I have been completely gluten free for 2 months now and am now experiencing symptoms I have only had a few times before. Is this normal?

I am wondering if I have symptoms because the gluten trapped in the vilae is starting to move out of my body? What does everyone think? What are your experiences of this? The only other option is that I have been glutened but I don`t think so!

8 Replies

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  • Hi Elspeth, my first thought is do you eat codex wheat, oats or cereals with malt? Because not all coeliac can tolerate codex wheat, low levels of malt or the oat gluten in pure oats.

    The other thing that many coeliac experience in the first few months after diagnosis is lactose intolerance because the enzyme lactase that breaks down lactose is produced at the tip of our villi so if the villi is still recovering it may not be producing lactase or enough lactase. You can buy lactofree milk in most supermarkets and this has been filtered and has lactase added to help our stomachs breakdown lactose.

    lactofree.co.uk/products/?g...

    And I hope that you feel better soon and sort out what's upsetting you.

  • Hi Elspeth,

    I would look for all the sneaky ways gluten gets in first; check your diet...

    Do you cook gluten and GF foods near each other (for other family members)?

    Do you eat GF, such as chips, that may have shared oil with gluten foods?

    Do you eat out in sandwich shops and choose the baked potato option, without informing staff you need it GF?

    Do you share margarine or spreads?

    Do you use the same toaster?

    Once you have cracked finding gluten free foods, I think cross contamination is the next big issue.

    I did become lactose intolerant after coeliac diagnosis, but not until about 18 months in.

    Wishing you well. :)

  • Thanks sassyl and Jerry. I will check into all of these things! I hope I am not lactose intolerant too but I was as a small child so I suppose it is a not too extreme possibility!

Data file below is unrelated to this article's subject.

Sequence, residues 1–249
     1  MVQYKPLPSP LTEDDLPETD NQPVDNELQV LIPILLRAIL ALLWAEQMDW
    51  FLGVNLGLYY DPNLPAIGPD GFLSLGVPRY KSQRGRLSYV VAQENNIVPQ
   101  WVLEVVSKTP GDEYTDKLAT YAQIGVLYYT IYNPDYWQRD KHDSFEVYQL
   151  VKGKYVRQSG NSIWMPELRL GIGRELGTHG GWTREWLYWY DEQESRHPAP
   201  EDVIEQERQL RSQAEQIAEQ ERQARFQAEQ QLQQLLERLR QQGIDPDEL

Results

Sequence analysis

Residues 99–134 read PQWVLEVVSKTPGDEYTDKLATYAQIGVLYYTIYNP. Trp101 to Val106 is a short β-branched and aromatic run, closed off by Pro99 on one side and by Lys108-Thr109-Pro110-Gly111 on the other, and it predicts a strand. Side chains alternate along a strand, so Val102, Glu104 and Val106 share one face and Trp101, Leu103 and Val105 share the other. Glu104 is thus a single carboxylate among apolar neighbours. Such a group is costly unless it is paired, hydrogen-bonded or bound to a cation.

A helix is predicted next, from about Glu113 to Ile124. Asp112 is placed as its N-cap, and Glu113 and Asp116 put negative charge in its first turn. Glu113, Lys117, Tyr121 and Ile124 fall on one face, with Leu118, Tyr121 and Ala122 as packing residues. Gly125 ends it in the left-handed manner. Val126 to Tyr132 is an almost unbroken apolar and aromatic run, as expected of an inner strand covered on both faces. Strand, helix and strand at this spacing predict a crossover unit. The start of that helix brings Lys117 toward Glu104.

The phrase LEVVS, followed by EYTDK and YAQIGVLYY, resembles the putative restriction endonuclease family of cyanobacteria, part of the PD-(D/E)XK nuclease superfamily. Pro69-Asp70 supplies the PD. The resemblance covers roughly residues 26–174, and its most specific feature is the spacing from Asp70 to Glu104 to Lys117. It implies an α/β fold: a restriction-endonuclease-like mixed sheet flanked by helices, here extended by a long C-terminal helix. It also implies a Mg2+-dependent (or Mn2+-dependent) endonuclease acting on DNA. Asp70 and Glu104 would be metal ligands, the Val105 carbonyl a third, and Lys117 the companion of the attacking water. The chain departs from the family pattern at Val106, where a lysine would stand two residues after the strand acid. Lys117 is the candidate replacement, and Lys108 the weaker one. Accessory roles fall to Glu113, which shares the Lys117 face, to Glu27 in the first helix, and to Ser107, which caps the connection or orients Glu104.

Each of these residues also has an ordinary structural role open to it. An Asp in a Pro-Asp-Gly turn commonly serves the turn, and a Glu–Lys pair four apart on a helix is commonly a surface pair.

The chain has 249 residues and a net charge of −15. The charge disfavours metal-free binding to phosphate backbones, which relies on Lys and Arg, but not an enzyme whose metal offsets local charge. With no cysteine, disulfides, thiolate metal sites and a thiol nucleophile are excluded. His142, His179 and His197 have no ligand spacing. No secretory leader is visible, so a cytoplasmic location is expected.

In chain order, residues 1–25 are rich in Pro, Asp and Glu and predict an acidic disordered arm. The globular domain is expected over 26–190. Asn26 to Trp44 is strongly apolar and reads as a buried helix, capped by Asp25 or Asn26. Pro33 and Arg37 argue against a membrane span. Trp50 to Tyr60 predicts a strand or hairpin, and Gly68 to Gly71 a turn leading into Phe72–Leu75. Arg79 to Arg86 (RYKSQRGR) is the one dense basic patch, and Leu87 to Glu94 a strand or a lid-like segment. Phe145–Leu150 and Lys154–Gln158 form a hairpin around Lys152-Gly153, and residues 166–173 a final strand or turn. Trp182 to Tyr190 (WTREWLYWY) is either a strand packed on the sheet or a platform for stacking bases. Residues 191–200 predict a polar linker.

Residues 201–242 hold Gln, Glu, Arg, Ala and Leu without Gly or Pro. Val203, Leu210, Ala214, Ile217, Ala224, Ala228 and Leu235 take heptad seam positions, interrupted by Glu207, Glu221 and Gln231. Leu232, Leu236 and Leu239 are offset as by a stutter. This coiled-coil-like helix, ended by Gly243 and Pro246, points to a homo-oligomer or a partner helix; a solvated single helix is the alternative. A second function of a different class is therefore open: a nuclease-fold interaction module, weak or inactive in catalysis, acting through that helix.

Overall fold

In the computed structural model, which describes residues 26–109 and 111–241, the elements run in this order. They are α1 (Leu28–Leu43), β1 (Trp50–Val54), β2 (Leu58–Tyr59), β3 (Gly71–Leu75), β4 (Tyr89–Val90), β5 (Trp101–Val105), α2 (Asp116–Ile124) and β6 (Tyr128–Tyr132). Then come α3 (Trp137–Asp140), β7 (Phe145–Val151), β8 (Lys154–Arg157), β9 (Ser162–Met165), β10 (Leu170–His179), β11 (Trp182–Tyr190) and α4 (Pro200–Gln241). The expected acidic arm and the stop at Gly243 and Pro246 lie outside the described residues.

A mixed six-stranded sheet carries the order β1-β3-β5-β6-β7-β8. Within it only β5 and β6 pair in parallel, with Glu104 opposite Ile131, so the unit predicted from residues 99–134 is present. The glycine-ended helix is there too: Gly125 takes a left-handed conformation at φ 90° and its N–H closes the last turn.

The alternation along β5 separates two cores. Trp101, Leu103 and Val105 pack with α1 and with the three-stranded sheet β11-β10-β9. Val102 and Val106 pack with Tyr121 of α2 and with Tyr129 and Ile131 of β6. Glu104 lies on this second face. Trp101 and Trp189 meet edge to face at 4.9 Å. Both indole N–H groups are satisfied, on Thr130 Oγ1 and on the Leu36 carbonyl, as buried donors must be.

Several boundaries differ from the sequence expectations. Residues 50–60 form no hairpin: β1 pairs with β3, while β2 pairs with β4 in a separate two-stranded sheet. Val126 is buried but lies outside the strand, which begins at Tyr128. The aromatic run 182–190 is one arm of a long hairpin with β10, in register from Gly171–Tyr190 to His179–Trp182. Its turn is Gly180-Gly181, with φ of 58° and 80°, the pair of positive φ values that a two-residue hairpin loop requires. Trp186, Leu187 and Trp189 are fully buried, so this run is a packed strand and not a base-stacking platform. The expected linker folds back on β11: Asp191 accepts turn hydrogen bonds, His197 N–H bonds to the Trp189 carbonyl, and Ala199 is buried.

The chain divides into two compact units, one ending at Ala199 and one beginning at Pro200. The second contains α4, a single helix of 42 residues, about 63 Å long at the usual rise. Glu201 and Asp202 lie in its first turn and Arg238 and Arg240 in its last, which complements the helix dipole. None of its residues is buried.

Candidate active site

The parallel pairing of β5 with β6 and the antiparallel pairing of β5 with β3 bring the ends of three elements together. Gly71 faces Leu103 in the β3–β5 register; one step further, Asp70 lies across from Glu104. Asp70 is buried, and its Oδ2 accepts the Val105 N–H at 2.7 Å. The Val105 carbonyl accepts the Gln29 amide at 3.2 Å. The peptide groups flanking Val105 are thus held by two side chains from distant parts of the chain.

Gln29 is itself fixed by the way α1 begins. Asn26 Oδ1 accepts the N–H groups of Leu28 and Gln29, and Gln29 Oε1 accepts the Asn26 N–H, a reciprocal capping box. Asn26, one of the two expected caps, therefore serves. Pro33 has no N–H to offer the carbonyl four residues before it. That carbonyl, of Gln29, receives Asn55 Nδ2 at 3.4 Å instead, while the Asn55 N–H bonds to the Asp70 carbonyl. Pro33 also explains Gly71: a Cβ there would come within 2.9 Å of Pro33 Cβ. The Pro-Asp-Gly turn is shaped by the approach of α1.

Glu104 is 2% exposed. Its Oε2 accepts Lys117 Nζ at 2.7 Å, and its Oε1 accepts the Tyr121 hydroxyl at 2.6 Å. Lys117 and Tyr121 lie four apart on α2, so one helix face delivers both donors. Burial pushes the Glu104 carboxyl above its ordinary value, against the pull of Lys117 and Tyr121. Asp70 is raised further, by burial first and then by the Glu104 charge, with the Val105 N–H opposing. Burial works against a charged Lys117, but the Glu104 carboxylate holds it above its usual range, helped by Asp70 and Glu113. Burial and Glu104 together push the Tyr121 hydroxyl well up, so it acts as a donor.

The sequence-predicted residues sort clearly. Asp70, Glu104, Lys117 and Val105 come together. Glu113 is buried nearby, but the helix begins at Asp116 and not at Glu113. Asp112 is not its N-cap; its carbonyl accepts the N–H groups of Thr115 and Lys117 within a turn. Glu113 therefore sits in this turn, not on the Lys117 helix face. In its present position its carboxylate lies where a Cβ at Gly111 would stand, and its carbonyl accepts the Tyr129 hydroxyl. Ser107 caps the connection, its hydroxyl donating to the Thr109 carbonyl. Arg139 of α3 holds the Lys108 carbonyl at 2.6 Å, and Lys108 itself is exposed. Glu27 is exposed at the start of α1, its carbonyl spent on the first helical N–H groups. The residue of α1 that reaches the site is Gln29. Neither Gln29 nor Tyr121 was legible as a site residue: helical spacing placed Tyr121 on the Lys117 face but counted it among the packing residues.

So you definitely dont think it is the gluten leaving my system then?

  • Nope definitely not! Gluten isn't a toxin in that sense. It doesn't get stored by your body. The only thing that could be giving you symptoms is the fact that your gut hasn't healed properly yet or that you're ingesting hidden gluten. I'm 2.5 months in and I get the occasional gnawing epigastric pain/mild nausea a couple of hours after meals which I've put down to the former.

  • So you definitely dont think it is the gluten leaving my system then?

    No, any gluten will have passed out of your system by now. It's a steep learning curve at first but it will become second nature.

    I worry about cross contamination from some supermarket conveyor belts as the dreaded gluten gets everywhere.

    So just stick with it and you'll get there as it's early days and good luck.

  • Thanks I will recheck everything I am eating and make double sure!

  • Keep a food diary and list out what you have eaten and drunk and your state of health. you should start to see patterns forming if it is a particular foodstuff or ingredient. Takes time to do and requires honesty (it is quite amazing in the course of a day what one consumes and tempting not to include items on a "guilt" basis! But you must record everything - by doing this I discovered a tiny amount of gluten in some sweets I was eating that I did not eat a lot/often and for which the apparently random nature of my attacks was driving me bonkers! Until I realised it was them not my other intake).

    You may find that there is another lurking intolerance/allergy. I had similar occasional symptoms and discovered two years after going gluten free that I was allergic to milk.

    Although lactose is a common problem with newly diagnosed coeliacs, some will have milk allergy/intolerance problems that continue and go beyond milk sugars (lactose) to include milk proteins (casein) - elsewhere on the site I have put a link to a Swedish study which showed that 50% of coeliacs showed coeliac-like symptoms when milk was introduced into their lower gut. Early days and limited study, but interesting nonetheless.

    Other common allergens/intolerances could include yeast, soya, fish/seafish. eggs or nuts.

    Keeping a food diary should help and if you are not sure get your doctor to refer you to a dietician and the food diary will speed up the process of establishing the root cause (be it a hidden gluten containing substance, lactose or something else).

  • Thanks meanioni. I will do just that and the next time I am at the dietician she will be able to help if I cant see what the problem might be before then!

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